'Uncle, less rice': Does that really help you lose weight when eating economy rice?

'Uncle, less rice': Does that really help you lose weight when eating economy rice?

In this week's Calculate Your Calories series, we look at economy rice or cai fan – and why you shouldn’t completely omit rice from your order. Also: What does the colour of the food or plate have to do with your appetite?

Economy rice spread of dishes
(Photo: Chern Ling)

Economy rice is always a failsafe option for lunch or dinner when you don’t have the time to mull over what to eat. 

It’s often regarded as a complete meal as you can select rice, your choice of vegetable and/or meat dishes, along with a good spoonful of gravy, all on a plate or packed into a takeaway box.

What could go wrong nutritionally?

Economy rice spread of dishes
(Photo: Chern Ling)

Those watching their calorie intake often cut out or reduce their rice portion. But cutting out rice is something Mary-Ann Chiam, the principal dietitian at Allium Healthcare, doesn’t recommend. “Having only protein or vegetables leads to an unbalanced diet and can lead to a higher fat intake,” she said.

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A balanced diet should include complex carbohydrates, which, according to Chiam, provide a good source of energy and make you feel satisfied. Complex carbs should account for 50 per cent of your daily intake, she said.

Bowl of cooked white rice
(Photo: Freepik/Kamran Aydinov)

But as health campaigns have pointed out, white rice doesn’t make the cut as a source of complex carbs – so aim for brown rice whenever possible.

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If you aren’t accustomed to the chewier texture of brown rice, try mixing half of your brown rice with a half portion of white rice, suggested Chiam. Alternatively, you can choose starchy vegetables such as dhal, lentils, pumpkin or yam. “But be careful of the cooking methods,” she said.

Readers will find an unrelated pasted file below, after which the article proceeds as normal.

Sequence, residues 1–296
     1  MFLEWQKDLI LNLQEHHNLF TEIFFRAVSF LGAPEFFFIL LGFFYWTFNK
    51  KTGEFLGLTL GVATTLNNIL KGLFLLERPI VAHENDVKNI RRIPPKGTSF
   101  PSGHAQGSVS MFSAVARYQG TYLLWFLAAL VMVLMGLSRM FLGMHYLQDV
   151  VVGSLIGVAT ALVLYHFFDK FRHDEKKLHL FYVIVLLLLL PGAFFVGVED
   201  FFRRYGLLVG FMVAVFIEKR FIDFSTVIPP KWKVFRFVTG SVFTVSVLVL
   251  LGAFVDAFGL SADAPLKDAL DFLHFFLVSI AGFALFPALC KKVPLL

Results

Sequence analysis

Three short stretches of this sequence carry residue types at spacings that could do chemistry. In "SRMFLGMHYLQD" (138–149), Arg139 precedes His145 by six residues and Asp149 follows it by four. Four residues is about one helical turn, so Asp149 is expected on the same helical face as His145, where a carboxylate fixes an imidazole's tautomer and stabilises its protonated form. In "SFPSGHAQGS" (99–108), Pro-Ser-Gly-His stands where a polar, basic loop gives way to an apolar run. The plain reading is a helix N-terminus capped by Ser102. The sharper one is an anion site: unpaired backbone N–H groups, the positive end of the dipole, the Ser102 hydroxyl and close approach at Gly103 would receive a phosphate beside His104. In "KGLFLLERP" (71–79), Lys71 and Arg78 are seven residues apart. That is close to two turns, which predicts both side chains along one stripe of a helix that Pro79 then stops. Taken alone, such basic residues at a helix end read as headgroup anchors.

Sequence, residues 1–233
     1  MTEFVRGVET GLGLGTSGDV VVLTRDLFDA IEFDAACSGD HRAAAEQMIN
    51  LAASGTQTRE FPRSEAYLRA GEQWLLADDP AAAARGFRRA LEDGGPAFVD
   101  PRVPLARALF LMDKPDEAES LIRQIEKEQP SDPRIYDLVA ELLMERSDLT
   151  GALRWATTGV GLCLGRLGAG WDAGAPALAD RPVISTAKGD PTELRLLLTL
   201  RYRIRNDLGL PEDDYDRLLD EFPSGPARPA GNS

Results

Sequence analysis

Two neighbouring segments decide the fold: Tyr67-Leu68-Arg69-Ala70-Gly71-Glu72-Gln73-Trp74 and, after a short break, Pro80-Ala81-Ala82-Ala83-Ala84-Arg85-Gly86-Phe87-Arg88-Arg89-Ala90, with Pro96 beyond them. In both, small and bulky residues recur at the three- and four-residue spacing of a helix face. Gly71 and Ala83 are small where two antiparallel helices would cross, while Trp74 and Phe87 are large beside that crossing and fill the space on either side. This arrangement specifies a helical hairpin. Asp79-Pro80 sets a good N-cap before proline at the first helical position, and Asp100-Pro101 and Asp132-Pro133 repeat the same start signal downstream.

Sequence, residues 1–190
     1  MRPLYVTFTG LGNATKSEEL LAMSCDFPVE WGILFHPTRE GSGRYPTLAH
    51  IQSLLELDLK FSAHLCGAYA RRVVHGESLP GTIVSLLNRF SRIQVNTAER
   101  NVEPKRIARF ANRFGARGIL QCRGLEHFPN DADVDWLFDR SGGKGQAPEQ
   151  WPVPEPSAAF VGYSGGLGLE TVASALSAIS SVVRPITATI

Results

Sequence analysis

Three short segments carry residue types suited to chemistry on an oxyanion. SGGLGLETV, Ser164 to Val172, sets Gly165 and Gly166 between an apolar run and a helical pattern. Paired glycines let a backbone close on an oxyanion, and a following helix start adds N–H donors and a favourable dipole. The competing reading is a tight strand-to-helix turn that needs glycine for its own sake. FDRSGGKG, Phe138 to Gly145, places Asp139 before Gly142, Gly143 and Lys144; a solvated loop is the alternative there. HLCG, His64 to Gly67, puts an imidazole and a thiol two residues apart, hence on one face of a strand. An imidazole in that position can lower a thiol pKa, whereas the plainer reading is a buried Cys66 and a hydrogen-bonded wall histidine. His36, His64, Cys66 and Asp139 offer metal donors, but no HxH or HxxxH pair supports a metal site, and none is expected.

It’s okay to have economy rice every day but keep it to just one meal a day – provided you choose healthier options, said Chiam. “I would not recommend more than once daily as the daily recommended sodium content would be exceeded.”

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By now, you’d already know to order fewer fried items, more vegetables and to skip the gravy, even if it’s soy gravy as it can be high in sodium and hidden fat, said Chiam. But did you know that the colours of your food can also affect how much you order? 

Economy rice spread of dishes (1)
(Photo: Chern Ling)

"Yellow and orange-coloured food can make people feel hungry, and thus, consume more of these food," said Chiam. "For example, one would drink more orange juice than tomato juice."

The colour of the plate plays a role, too, she said. "If you need to lose weight, serve food on a red plate as the colour is associated with reducing appetite." Avoid green, yellow or white plates as they can visually stimulate your appetite and cause you to eat more.

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If you don’t have the time to dilly-dally in front of the spread of dishes behind the glass showcase, do what Chiam suggests for a healthier order: Choose green leafy vegetables and a stir-fried meat or fish without gravy.

You’d know you have over-ordered if the rice covers more than half of your plate or takes up half of the pack.

(Information: Allium Healthcare, Interactive coding: Calvin Chia, Art: Chern Ling)


The calorie calculator serves as a guide and is not a substitute for consulting a qualified dietitian. 

Source: CNA/bk

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